bugs in my pantry


I know there have been posts in the past regarding worms in the flour and the pantry moths they often come from (or vice versa). But I have a problem with these little dark/black bugs, about the size of an ant, kind of hard shelled, they are like a bettle, but not one. I can't find out what they are, and every now and then I have them in my "bakers cabinet" that I keep my flours and baking items in. I usually have my flours in sealed containers, so it's rare they get into the flour, but I keep finding them in the cabinet, and therefore will get in if I leave the lid off, or will even find them in the measuring cups stored in the cabinet. This is an old cabinet, specially made for my grandmother during the depression. The drawers are made from fruit crates, so the wood has been "repurposed" so to speak. Is it possible that the bugs are harboring in the wood? Any idea what these bugs are, and how to get rid of them? Oh, and the bay leaves idea doesn't work, nor does the pantry moth trap, at least not for these. It works great for those moths, but not these little bugs.

badge posted by: flourgirls on January 05, 2012 at 9:42 pm in General discussions
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reply by: ebuendia on January 05, 2012 at 9:54 pm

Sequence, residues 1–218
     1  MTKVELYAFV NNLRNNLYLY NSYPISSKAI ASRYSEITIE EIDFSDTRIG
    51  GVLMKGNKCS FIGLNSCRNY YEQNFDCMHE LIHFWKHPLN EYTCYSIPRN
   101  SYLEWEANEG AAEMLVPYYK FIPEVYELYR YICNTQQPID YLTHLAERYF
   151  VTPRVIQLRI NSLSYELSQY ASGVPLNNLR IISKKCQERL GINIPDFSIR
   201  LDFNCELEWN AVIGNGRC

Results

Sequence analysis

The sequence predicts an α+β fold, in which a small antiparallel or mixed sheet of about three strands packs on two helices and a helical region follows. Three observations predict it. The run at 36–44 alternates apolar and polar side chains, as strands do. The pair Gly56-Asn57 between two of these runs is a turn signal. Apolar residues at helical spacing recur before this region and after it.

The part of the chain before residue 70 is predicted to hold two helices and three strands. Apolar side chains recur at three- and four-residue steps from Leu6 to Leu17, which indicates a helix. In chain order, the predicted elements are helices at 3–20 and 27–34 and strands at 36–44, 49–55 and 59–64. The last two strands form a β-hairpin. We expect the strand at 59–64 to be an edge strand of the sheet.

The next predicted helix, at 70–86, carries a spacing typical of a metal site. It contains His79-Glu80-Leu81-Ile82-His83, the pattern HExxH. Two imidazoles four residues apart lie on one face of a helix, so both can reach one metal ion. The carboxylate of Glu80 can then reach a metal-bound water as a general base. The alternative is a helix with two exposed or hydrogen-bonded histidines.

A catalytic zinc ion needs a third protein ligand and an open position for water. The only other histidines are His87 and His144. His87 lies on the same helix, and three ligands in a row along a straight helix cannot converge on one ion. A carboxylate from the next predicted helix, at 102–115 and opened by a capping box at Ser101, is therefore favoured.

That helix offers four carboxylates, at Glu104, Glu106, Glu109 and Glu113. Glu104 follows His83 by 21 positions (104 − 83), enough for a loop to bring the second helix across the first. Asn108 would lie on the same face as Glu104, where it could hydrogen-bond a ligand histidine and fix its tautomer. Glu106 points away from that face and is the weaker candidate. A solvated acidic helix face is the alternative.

I'm still relatively new here, but I recall seeing a thread about this. Search for "infestation" using the search box at top right and you'll see various threads.

I'm a bit OCD about tidiness and I still got the bugs in my home. Nowhere near my kitchen, but still. I spotted some in a pack of dry Chipotle peppers I had just bought and opened. I keep all my dried stuff in Tupperware in a closet under the staircase, so I had no further problems (except I had to throw away all my dried chiles, oh well).

I remember when I was a kid, my mom would fastidiously examine every bag of flour before she bought it looking for the smallest hole or opening. She said that the flour shelves in stores always had "gorupos" or flour weevils. I still think that's how they get in our pantries and cupboards: we bring them home from the store. To this day, I inspect every bag of KAF I buy at my local co-op. If I see one that may have the adhesive seal even starting to ply off, I don't buy it.

Hang in there! Look at the threads and get rid of the little bastards.

reply by: omaria on January 05, 2012 at 9:55 pm

Could this be a woodworm? Can you find tiny round holes in the wood? They certainly look like little beetles. Sometimes you see little tiny piles of wood dust. If that is what they are, you can google and see what you can do to get rid of them. Hope this helps.

reply by: frick on January 05, 2012 at 10:04 pm

That's what we call weevils. I haven't seen them in years in my kitchen but I swear by cleaning cracks and crevices with vinegar and a toothbrush. I also swear by pushing Comet into the cracks, which stops ants from coming in the openings in double hung windows. I put it on window ledges and have pushed it into crevices beneath the floor moldings, wherever ants came in. You can vacuum it out occasionally, then put in more if necessary. Bugs hate the stuff and it can't do much harm.